Ozkur E, Kaynak E, Gürel MS. Where are we in cosmetics and esthetics practices in educational clinics in Turkey?. Turk J Dermatol 2019;13:95-8
|How to cite this URL:|
Ozkur E, Kaynak E, Gürel MS. Where are we in cosmetics and esthetics practices in educational clinics in Turkey?. Turk J Dermatol [serial online] 2019 [cited 2021 Apr 18];13:95-8. Available from: https://www.tjdonline.org/text.asp?2019/13/3/95/269500
| Introduction|| |
Specialty education is an organized education program with theoretical and practice studies of residents. Medical faculty graduates can study dermatology in Turkey after passing the medical specialty examination (MSE) which is held twice annually, and dermatology specialty education lasts 4 years in university hospitals, and training and research hospitals hospitals affiliated to the Turkish Ministry of Health. There has recently been an increasing interest on dermatology, and the mean MSE scores required for entering the dermatology specialty are higher than all other specialties. One of the reasons of this is the increased demand for esthetic and cosmetic procedures.
Dermatologists have contributed significantly to the evolution of cosmetic and esthetics dermatology including laser treatments, dermabrasion, botulinum toxin, chemical peeling, hair transplantation, and soft-tissue augmentation. Aspects of cosmetic dermatology include the maintenance of healthy skin, the prevention and treatment of skin aging and photodamage, and rejuvenation procedures. To continue as leaders in the safe performance of cosmetic dermatology procedures, future dermatologists must be properly trained. Moreover, dermatologists who received no cosmetic education are less preferred in private hospitals and clinics, and they may feel unqualified. Furthermore, if a training gap exists, this may adversely affect patient safety.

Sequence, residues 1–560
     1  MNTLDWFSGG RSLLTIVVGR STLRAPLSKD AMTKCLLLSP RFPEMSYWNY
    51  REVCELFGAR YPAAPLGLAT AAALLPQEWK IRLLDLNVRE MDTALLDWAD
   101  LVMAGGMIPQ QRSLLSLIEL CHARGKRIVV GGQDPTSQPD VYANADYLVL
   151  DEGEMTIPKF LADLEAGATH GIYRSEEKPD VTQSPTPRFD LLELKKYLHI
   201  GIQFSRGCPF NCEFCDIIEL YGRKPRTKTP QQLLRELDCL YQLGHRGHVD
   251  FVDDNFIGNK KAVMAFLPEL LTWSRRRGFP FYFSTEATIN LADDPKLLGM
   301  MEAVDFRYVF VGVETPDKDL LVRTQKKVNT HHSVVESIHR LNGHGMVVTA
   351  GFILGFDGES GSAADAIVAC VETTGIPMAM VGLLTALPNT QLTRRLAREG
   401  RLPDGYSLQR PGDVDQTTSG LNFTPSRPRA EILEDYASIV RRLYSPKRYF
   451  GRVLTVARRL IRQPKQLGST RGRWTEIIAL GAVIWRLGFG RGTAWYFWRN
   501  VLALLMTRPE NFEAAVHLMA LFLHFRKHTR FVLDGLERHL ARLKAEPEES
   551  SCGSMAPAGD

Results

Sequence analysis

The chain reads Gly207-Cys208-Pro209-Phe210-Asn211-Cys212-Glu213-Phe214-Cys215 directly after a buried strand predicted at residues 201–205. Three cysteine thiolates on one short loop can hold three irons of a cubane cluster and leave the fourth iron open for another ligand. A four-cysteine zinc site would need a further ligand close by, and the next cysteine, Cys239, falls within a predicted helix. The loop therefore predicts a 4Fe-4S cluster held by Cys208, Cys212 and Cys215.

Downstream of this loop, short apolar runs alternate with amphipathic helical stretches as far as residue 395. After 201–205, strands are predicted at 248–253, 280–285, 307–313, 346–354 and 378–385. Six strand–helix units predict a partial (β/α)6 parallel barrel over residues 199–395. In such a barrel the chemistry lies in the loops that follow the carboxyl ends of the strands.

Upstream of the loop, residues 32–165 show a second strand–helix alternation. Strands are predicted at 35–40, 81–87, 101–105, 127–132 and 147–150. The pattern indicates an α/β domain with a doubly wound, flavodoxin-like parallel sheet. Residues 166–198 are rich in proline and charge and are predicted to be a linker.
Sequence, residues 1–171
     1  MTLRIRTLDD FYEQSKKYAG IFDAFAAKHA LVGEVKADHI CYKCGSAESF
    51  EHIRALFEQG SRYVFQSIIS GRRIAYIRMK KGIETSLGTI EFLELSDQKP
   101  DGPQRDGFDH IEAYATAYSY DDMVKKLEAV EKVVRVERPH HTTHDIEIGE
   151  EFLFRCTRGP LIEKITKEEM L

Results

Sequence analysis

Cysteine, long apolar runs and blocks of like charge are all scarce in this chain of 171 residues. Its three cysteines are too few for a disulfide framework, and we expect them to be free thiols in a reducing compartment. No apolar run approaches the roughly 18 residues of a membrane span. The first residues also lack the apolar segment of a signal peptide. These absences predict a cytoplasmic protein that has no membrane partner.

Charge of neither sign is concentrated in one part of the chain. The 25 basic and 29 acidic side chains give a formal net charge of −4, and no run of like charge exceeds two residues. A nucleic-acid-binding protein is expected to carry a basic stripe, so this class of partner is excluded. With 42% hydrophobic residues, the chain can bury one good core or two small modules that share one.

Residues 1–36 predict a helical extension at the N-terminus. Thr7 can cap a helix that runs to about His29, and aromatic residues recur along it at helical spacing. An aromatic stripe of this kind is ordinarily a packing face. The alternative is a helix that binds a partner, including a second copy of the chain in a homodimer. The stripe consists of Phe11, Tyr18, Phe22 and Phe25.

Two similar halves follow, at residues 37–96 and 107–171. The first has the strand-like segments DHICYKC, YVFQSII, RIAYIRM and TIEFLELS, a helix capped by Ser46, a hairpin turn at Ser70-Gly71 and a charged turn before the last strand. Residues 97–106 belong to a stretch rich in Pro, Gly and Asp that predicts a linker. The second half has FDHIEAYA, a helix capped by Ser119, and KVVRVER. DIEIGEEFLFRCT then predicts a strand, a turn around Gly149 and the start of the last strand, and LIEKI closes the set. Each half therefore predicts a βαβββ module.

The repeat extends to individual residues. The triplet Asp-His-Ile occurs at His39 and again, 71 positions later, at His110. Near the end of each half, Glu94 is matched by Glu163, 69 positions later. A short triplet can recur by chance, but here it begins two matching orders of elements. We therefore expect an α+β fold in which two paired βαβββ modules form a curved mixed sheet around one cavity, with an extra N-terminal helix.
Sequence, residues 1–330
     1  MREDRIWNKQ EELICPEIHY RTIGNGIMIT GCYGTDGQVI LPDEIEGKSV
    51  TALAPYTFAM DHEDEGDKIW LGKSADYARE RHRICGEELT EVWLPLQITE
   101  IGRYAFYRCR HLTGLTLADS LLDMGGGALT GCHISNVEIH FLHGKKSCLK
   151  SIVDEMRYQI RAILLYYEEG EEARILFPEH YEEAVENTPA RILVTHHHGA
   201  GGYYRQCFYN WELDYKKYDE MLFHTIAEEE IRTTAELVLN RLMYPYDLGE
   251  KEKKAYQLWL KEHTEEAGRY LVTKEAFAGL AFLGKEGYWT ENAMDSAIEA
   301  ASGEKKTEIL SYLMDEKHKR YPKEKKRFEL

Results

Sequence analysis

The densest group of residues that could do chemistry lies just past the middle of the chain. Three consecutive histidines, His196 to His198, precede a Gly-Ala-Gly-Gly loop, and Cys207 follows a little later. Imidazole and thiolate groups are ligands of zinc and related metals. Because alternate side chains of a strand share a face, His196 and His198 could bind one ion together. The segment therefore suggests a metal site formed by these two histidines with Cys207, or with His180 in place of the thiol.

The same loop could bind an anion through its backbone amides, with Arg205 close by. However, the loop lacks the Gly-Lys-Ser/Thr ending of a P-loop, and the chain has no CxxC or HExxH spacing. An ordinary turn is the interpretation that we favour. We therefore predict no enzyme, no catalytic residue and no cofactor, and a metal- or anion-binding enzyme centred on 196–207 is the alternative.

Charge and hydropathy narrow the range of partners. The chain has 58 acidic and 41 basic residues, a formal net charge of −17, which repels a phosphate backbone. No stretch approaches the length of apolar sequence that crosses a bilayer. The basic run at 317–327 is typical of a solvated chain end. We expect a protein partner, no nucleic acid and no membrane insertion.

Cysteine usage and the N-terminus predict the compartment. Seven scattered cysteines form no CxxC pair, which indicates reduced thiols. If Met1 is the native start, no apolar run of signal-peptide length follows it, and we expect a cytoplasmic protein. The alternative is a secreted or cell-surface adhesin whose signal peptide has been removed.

Moreover, there are many dermatological diseases which could be treated with cosmetic procedures. These indications are laser procedures for rosacea, infectious disorders (mostly papillomavirus lesions), the removal of hairs and tattoos, vitiligo, vascular lesions, cutaneous scarring, some skin tumors, postlesional hyperpigmentation and melasma, mesotherapy or platelet-rich plasma (PRP) for androgenetic alopecia, botulinum toxin injection for hyperhidrosis, as well as chemical peeling, Dermapen, and dermaroller treatments for acne scars and hyperpigmentation.,,, So that, cosmetic dermatology must not be apart from traditional dermatology education but should be a part of it. In the present study, we aimed to investigate the cosmetic dermatology training during residency and the current cosmetic dermatology practices in the clinics which provide dermatology specialty education in Turkey.